Get the lowdown on walking football

It’s a fairly new sport, but walking football is fast gaining an army of fans up and down the country. What is it exactly and why has it become so popular?

walking football

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Walking football explained

As the name suggests, walking football is, essentially, football where players walk, but never run. It also goes by the name of slow football or low-impact football.

Walking football first came about in 2011, where it was played by the Chesterfield FC Community Trust. A Barclays TV advert thrust the game into the spotlight, however, in 2014, and there are now over 800 walking football clubs throughout the UK, with this number continuing to grow.

With the surging popularity of walking football, the FA has issued a number of rules of play for the game. The main rule is that players can only walk during the game, where one foot must remain on the ground at all times. If anyone runs or jogs, this results in a free kick for the opposing team. Some clubs also impose penalties if a ball is kicked over a certain height.

Typically, walking football involves two teams of five-to-seven players per side. Walking football is aimed at older people, where players tend to be over the age of 50.

However, that’s not to say the game offers limited appeal. It has already won the support of famous names, including Harry Kane and Alan Shearer, with Manchester City winning the race to be the first Premier League club to establish its own walking football team.

 

Benefits

Walking football provides players with a whole host of mind and body benefits. In particular, for older people who no longer have the ability to play standard football, walking football means they can carry on enjoying the sport, without needing to hang up their boots.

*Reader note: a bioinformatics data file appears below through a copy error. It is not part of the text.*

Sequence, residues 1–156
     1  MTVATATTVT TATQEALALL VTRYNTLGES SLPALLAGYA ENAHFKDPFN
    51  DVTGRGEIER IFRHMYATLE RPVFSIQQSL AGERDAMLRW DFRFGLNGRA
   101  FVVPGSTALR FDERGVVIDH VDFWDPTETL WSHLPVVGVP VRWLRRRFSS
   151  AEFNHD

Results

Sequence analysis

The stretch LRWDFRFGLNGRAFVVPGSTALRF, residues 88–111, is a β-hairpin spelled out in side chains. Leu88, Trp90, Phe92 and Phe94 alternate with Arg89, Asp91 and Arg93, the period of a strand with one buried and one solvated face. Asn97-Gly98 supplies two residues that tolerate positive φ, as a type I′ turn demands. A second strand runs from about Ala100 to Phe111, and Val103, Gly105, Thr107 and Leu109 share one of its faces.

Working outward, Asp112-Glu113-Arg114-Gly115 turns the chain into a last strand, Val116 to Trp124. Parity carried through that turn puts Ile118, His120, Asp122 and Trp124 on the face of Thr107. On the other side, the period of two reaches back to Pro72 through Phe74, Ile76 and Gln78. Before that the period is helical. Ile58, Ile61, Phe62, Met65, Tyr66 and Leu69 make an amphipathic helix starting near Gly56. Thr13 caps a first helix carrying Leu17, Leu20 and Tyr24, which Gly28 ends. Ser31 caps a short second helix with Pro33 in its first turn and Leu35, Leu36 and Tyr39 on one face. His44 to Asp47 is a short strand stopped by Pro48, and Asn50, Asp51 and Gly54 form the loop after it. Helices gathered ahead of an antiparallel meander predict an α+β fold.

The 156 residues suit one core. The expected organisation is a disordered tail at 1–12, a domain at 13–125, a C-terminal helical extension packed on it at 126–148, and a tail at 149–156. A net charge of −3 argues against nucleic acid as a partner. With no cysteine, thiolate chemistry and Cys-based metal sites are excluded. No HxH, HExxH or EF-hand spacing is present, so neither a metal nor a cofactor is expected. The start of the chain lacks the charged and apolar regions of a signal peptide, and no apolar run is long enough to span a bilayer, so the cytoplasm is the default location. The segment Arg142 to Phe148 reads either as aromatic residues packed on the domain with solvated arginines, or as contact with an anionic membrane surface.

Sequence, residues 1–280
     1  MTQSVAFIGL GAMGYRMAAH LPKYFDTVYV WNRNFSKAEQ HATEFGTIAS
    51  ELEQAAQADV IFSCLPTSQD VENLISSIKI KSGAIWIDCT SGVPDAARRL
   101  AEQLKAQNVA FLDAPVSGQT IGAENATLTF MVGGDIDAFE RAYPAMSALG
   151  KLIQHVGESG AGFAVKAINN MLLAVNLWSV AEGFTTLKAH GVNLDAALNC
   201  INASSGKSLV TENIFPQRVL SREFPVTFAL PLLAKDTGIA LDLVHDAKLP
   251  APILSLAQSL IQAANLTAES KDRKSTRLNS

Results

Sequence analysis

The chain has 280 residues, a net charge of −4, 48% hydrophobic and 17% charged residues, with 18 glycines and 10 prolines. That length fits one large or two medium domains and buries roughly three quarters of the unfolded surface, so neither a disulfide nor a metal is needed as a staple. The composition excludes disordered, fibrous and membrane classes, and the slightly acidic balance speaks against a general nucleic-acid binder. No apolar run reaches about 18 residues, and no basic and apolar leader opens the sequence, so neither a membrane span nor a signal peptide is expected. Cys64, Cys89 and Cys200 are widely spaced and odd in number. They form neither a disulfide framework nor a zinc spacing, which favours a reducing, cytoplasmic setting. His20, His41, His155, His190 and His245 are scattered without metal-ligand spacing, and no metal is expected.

Studies have found that walking football can reduce the risk of high blood pressure, stroke, cardiovascular disease, high cholesterol levels and even type 2 diabetes. It can also improve stamina, posture, balance, mobility and joint problems. As the sport is lower impact than normal football, there’s also less risk of injuries for players.

Aside from the body benefits, walking football has proven to be a great way to make friends and socialise, which can often get more difficult as we get older. It can prevent older people from feeling isolated and give them a sense of purpose and enjoyment as they reach retirement age and beyond. Indeed, some players are well into their 70s and even 80s.

By taking part in a sport that players may have once enjoyed, but now thought they were too old for, it can also reignite a sense of self-worth and confidence.

Moreover, walking football has been proven to be an effective way to help combat depression. In fact, some mental health charities have funded the establishment of walking football schemes in their local area to help tackle mental health problems and reduce social isolation.

Even if people don’t want to play the sport itself, there are other roles that they can get involved with, such as admin, organising matches and becoming a committee member. This can still give people a sense of purpose and provides a great opportunity to meet others and socialise.